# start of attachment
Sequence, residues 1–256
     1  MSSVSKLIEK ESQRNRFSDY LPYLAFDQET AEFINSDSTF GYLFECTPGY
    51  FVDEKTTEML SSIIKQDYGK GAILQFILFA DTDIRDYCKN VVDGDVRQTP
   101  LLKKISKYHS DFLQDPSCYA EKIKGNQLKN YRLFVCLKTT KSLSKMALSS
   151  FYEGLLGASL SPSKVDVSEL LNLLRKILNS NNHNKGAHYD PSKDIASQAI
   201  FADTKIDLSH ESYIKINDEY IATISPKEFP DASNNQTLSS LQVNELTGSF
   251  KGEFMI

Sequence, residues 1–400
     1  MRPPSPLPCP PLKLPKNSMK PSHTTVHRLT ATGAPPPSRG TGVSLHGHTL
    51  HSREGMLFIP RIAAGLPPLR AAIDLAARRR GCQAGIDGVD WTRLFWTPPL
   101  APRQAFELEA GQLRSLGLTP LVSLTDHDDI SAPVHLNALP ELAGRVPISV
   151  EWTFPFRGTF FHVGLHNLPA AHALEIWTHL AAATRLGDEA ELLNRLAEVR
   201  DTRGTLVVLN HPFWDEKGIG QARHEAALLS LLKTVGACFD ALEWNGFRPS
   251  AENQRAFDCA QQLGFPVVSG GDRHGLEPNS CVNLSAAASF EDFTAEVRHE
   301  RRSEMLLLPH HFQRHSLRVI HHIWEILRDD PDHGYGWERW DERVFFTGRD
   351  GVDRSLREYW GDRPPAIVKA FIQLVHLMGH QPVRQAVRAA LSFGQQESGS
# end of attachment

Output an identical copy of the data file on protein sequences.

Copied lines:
Sequence, residues 1–256
     1  MSSVSKLIEK ESQRNRFSDY LPYLAFDQET AEFINSDSTF GYLFECTPGY
    51  FVDEKTTEML SSIIKQDYGK GAILQFILFA DTDIRDYCKN VVDGDVRQTP
   101  LLKKISKYHS DFLQDPSCYA EKIKGNQLKN YRLFVCLKTT KSLSKMALSS
   151  FYEGLLGASL SPSKVDVSEL LNLLRKILNS NNHNKGAHYD PSKDIASQAI
   201  FADTKIDLSH ESYIKINDEY IATISPKEFP DASNNQTLSS LQVNELTGSF
   251  KGEFMI

Sequence, residues 1–400
     1  MRPPSPLPCP PLKLPKNSMK PSHTTVHRLT ATGAPPPSRG TGVSLHGHTL
    51  HSREGMLFIP RIAAGLPPLR AAIDLAARRR GCQAGIDGVD WTRLFWTPPL
   101  APRQAFELEA GQLRSLGLTP LVSLTDHDDI SAPVHLNALP ELAGRVPISV
   151  EWTFPFRGTF FHVGLHNLPA AHALEIWTHL AAATRLGDEA ELLNRLAEVR
   201  DTRGTLVVLN HPFWDEKGIG QARHEAALLS LLKTVGACFD ALEWNGFRPS
   251  AENQRAFDCA QQLGFPVVSG GDRHGLEPNS CVNLSAAASF EDFTAEVRHE
   301  RRSEMLLLPH HFQRHSLRVI HHIWEILRDD PDHGYGWERW DERVFFTGRD
   351  GVDRSLREYW GDRPPAIVKA FIQLVHLMGH QPVRQAVRAA LSFGQQESGS